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Pope visits immigrant father’s home town for birthday party

Pope Francisin the home of his cousin, Carla Rabezzana, in the town of Portacomaro (Vatican Media via AP/PA)
Pope Francisin the home of his cousin, Carla Rabezzana, in the town of Portacomaro (Vatican Media via AP/PA)

Pope Francis returned to his father’s birthplace in northern Italy on Saturday for the first time since ascending the papacy to celebrate the 90th birthday of his second cousin.

The two-day visit to Francis’s ancestral homeland to renew family ties touched on keystones of his papacy, including the importance of honouring the elderly and the human toll of migration.

Francis’s private visit on Saturday will be followed by a public one on Sunday to celebrate Mass for the local faithful.

The pope’s father, Mario Jose Francisco Bergoglio, and his paternal grandparents arrived in Buenos Aires on January 25, 1929 to reach other relatives at the end of a mass decades-long emigration from Italy that the pope has honoured with two recent saints – Saint Giovanni Batista Scalabrini and Saint Artedime Zatti.

The future pope, Jorge Mario Bergoglio, was born nearly eight years later in Buenos Aires, after his father married Regina Maria Sivori, whose family was also of Italian immigrant stock, hailing from the Liguria region.

The elder Bergoglio was born in the town of Portacomaro, 10 kilometres east of Asti, an agricultural town.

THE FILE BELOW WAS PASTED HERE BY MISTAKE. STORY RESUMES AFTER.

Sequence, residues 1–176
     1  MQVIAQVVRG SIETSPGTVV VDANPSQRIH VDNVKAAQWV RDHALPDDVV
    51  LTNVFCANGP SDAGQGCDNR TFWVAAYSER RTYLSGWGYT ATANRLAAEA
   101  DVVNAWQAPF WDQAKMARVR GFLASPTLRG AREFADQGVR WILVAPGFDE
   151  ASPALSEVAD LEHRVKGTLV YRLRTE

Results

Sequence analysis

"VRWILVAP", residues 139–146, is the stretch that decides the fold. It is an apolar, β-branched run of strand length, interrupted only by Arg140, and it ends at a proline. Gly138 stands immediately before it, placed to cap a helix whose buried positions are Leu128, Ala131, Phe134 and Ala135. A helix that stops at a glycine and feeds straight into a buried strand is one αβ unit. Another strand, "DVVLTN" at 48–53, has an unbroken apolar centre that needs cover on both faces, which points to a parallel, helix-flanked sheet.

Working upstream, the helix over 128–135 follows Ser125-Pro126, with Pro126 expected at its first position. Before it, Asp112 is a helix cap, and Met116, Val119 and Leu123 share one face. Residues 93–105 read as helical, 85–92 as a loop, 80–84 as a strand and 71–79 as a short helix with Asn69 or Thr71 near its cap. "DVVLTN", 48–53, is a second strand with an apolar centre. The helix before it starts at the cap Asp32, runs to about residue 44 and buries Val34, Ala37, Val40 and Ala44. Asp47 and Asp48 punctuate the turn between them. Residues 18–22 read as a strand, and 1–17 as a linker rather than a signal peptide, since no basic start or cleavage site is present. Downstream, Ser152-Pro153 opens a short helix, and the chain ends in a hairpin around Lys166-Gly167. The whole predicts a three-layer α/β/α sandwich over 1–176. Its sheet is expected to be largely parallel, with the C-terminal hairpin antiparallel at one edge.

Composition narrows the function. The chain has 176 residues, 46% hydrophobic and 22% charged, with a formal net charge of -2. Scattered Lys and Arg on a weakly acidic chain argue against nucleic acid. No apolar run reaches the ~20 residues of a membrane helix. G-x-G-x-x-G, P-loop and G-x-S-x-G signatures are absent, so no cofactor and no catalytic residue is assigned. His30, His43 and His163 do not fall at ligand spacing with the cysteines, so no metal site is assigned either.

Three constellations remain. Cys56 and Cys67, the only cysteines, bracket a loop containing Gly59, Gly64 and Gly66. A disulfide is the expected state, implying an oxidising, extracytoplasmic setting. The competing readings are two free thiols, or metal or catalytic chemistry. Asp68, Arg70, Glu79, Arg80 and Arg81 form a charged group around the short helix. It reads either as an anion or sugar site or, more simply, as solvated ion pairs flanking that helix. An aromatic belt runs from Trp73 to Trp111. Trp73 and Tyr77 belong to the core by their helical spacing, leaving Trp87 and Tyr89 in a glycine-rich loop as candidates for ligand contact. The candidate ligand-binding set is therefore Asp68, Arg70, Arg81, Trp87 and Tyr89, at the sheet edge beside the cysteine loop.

Francis, now 85, has made the welcoming and integration of migrants a hallmark of his papacy, often facing criticism as Europe in general, and Italy in particular, are consumed with the debate over how to manage mass migration.

The pope has recognised the historic significance of the emigrant experience with the recent canonisations of St Giovanni Battista Scalabrini, an Italian bishop who founded an order to help Italian emigrants at the end of the 19th century, and Artemide Zatti, an Italian who emigrated to Argentina in the same period and dedicated his work to helping the sick.

He used the occasion to again denounce Europe’s indifference toward migrants risking their lives to cross the Mediterranean Sea and what they hope will be better futures.

Francis began his visit to Portacomaro on Saturday with lunch at the home of a cousin, Carla Rabezzana. Photographs released by the Vatican showed Francis hugging Rabezzana and sitting at the head of the table.

“We have known each other forever,” Ms Rabezzana told the Corriere della Sera newspaper. “When I lived in Turin, Giorgio – I always called him that – came to stay because I had an extra room. That is how we maintained our relationship.”

After nearly 10 years as pope, Francis has yet to return to his own birthplace in Argentina.